We were doing a tasting under a portrait of the 19th-century character Dona Antonia Ferreira, famed for her port and also for capsizing on the river Douro and surviving due to the spread of her crinoline skirts.
“How long can you keep a bottle of port once it is opened?” asked one of the group gathered around the glasses of white, ruby, tawny and late-bottled vintage at the Ferreira Port House in Porto, north-west Portugal.
“In my house,” said winemaker Antonio, “a bottle of port lasts only for the duration of a meal!”
Those who were brought up with the port decanter being dusted down for its annual Christmas outing were clearly cheated of tasting the drink at its best. Across the range, ports should all be kept cool and drunk fast. As a broad rule of thumb, if a bottle has a normal cork, it is best drunk in one sitting; if it has a bar-top cork, it can be kept in the fridge for a few days.
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Those who were brought up on Thackeray’s Vanity Fair and the delights of Dickens’ A Christmas Carol, in which port wine is boiled to make “Smoking Bishop” (you can find the recipe in Eliza Acton’s Modern Cookery of 1845) will regard port as a drink of times past.
Wandering the streets of Porto today will dispel any such impression. Here, the sound of ice clinking in a glass of white port and tonic, served with a slice of orange, is interwoven with the babble of a youthful crowd. Port remains on trend in a city booming with new temptations and attractions and an influx of visitors.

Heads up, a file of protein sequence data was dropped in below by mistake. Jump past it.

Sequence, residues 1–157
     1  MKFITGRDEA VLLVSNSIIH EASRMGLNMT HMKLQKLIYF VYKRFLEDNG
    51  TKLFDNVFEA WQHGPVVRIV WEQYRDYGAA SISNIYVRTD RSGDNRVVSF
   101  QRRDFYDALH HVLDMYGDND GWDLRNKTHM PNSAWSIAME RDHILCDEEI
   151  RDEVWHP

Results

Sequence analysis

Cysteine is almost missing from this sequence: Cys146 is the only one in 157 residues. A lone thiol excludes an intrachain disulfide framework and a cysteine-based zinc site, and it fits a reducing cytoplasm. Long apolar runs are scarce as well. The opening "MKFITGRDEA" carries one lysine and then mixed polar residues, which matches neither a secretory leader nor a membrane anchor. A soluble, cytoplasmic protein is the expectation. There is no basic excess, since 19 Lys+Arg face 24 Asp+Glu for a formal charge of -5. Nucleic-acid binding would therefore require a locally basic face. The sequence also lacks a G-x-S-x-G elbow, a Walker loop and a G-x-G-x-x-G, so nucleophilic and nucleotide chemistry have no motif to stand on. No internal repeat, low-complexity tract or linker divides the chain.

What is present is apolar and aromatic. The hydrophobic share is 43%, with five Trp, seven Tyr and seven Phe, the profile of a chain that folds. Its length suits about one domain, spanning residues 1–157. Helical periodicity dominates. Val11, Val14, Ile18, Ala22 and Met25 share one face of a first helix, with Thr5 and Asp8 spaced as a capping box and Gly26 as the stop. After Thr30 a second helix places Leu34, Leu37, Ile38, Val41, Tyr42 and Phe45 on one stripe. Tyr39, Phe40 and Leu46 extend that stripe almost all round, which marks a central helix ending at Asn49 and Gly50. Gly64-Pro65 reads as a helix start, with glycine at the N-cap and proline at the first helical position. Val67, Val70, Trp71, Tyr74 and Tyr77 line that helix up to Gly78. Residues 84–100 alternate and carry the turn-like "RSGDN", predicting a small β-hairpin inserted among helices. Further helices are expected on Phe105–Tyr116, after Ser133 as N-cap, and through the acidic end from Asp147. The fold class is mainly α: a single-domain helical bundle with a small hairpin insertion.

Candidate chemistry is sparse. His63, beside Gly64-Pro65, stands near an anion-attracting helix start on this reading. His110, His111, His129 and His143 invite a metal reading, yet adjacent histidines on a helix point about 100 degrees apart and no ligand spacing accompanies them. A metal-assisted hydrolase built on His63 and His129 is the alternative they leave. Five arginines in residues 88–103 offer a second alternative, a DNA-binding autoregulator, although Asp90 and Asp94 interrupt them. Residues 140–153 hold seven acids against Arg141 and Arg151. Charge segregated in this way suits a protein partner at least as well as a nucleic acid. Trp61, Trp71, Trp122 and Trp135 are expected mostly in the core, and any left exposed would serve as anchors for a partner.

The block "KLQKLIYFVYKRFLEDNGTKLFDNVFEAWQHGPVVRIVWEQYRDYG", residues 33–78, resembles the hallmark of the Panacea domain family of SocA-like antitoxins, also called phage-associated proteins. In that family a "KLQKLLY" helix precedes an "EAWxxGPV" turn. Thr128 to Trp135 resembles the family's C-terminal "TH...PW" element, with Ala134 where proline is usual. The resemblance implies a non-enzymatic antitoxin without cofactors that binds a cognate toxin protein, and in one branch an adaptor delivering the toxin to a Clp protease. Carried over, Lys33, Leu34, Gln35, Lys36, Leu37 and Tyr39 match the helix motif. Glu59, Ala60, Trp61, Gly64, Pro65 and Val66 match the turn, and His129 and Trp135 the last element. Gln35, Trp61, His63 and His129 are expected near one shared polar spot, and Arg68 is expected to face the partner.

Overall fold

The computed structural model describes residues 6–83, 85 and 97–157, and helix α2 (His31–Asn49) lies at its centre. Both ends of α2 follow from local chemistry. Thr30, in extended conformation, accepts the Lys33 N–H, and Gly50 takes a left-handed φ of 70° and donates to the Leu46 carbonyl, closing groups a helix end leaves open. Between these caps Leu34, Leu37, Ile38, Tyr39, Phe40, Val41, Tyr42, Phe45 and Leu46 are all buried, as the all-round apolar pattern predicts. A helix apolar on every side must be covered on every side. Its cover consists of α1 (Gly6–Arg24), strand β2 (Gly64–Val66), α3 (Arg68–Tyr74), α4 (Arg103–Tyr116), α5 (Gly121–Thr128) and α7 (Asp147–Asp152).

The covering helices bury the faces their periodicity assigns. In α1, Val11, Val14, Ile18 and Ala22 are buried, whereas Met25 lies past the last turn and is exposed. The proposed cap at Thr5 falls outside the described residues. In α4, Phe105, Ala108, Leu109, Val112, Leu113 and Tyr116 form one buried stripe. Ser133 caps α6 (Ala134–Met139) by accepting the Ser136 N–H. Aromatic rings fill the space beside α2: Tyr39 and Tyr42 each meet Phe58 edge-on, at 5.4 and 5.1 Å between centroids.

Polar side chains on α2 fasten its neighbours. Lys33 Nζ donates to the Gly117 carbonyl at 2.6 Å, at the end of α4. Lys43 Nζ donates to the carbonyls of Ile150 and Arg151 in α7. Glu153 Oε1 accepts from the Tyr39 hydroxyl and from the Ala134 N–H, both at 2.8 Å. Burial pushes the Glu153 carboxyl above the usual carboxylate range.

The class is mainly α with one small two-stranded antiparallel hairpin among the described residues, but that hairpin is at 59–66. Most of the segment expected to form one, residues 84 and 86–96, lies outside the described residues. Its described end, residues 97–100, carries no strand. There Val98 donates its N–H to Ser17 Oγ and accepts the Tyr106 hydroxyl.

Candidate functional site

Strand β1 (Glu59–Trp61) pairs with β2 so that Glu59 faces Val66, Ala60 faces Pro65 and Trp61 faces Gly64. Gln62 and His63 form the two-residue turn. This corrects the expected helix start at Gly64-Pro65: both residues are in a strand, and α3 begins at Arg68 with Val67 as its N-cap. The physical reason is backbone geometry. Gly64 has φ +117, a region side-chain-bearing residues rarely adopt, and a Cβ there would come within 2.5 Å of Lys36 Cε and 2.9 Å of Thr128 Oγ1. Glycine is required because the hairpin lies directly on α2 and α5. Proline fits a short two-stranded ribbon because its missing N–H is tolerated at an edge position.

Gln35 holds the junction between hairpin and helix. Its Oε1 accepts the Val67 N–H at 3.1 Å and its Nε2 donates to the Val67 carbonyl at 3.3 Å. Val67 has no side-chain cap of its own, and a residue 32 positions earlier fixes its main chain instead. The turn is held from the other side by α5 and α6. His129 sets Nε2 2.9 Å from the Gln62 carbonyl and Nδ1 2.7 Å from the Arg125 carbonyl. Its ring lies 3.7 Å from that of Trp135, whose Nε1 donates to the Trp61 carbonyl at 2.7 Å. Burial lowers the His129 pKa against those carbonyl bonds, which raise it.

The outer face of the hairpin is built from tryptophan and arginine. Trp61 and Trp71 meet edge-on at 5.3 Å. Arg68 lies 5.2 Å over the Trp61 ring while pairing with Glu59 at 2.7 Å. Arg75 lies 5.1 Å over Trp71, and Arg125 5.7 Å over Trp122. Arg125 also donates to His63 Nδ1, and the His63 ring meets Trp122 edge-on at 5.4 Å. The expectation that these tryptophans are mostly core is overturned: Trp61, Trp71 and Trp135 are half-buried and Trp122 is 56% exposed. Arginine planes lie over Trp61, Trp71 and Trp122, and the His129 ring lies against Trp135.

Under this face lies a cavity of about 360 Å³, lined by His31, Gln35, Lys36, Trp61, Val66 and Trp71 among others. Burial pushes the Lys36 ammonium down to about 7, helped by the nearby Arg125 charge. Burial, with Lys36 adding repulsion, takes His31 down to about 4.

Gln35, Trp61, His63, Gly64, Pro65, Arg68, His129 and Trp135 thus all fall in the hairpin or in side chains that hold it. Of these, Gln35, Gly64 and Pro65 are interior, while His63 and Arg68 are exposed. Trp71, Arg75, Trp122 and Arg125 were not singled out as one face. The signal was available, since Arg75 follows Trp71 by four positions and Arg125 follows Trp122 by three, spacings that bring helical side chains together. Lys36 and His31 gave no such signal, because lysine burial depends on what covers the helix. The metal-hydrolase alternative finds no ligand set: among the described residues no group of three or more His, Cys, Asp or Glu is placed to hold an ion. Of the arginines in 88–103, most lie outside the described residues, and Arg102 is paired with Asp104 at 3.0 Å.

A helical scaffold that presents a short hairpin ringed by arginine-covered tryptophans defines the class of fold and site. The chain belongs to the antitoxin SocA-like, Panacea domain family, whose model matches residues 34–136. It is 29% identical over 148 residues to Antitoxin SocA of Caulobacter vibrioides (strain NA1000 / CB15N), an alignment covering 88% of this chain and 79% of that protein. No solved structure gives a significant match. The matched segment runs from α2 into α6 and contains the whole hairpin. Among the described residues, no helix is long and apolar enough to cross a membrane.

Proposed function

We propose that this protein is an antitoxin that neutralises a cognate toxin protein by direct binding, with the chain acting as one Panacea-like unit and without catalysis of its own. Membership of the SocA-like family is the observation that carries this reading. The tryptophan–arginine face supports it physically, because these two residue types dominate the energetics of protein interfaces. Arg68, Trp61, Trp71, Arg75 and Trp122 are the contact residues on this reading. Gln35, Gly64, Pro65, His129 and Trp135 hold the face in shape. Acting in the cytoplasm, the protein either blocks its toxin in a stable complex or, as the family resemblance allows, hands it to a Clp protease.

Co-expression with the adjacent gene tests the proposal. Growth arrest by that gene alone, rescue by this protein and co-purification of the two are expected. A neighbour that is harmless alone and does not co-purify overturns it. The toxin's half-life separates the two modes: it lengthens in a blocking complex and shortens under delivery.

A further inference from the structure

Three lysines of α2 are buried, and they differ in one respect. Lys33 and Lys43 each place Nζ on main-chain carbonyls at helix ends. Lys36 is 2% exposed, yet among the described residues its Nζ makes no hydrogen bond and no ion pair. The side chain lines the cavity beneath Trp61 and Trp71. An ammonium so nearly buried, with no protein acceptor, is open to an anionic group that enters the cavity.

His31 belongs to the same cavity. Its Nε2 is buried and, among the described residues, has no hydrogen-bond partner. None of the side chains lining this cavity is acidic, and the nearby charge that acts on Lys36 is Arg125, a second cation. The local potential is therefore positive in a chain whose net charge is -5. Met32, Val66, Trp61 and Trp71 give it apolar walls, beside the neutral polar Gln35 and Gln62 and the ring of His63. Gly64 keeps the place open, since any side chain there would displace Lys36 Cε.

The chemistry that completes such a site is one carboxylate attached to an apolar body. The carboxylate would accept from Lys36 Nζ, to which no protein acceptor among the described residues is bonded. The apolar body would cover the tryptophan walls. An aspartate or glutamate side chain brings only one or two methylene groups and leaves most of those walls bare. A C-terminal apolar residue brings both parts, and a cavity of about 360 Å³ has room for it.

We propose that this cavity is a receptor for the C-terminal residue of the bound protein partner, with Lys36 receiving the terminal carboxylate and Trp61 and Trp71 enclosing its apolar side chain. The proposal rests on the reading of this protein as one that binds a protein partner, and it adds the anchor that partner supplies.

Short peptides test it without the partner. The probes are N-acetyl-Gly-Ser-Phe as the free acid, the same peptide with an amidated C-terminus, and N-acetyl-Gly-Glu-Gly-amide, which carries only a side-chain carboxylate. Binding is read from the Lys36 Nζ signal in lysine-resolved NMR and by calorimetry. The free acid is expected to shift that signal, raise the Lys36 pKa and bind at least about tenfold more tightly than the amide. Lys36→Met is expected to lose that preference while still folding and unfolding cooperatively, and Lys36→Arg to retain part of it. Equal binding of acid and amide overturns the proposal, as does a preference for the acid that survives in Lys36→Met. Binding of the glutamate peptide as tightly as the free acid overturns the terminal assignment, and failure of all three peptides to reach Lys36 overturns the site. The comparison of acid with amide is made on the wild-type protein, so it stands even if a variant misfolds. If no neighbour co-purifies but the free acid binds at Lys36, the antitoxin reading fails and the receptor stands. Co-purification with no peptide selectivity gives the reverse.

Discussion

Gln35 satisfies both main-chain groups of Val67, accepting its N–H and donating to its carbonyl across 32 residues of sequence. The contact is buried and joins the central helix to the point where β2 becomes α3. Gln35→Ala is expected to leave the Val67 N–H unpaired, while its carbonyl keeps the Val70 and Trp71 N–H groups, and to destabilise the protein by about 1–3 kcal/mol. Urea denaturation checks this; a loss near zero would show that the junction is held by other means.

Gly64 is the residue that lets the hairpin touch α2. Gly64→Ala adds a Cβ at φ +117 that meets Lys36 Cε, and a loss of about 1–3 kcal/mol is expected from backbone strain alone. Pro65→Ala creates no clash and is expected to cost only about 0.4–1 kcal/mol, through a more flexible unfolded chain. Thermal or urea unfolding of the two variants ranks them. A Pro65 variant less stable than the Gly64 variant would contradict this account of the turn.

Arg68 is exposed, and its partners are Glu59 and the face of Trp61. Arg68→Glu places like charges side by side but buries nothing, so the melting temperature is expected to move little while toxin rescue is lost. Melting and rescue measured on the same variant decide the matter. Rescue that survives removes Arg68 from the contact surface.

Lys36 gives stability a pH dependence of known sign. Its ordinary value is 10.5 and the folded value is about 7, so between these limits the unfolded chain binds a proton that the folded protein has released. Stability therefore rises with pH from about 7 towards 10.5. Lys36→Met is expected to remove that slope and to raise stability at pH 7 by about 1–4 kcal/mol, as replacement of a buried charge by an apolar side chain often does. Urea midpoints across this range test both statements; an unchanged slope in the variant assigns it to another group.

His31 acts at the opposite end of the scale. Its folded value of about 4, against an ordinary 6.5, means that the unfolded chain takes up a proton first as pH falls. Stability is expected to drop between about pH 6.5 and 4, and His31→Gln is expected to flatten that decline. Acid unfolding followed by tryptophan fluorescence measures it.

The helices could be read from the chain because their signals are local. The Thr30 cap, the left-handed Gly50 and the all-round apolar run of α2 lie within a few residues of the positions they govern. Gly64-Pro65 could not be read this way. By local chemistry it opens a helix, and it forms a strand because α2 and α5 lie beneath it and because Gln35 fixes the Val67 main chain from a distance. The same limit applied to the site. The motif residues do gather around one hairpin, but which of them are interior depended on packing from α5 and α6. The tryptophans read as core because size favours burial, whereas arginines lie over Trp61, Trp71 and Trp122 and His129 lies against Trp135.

The latter might not come exclusively for the “divine nectar of the gods” but they will leave having almost certainly taken their fill of it.
But there is much else to do and see here in the grey, granite streets of the city that gave its name to Portugal – a country, whose creative burst, post-recession, is changing the face of its landscape through a quiet re-emphasis on its home-grown charms. Brands such as Claus Porto are a perfect example.
Last year marked the 130th anniversary of this label that built its name on hand-crafted soaps, infused with fragrances drawn from the Portuguese countryside and hand wrapped in chic belle époque packaging.
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June saw the opening in Rua das Flores of a flagship store where you can try out samples from its new range of liquid soaps over a marble basin or buy the limited edition scent, Le Parfum, conceived by perfumer Lyn Harris to encapsulate Portugal in a bottle.
Its unique smell was inspired by an early morning walk after the dew had lifted, when Harris came across “an old fig tree and hidden at its side a arbary fig tree”. The fruity undertones of the barbary fruit, fused with the green and wet fig leaf, immediately seized her. “For me, that smell was perfection,” she wrote.
Rua das Flores is itself more than worthy of a wander as it has been almost totally refurbished, its façades now gleaming with restored tiled frontages in blues and greens and attractive boutique shops.
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When it is time for a coffee, or bica, stop at Café Guarany, as much for the view as for the excellent Portuguese coffee.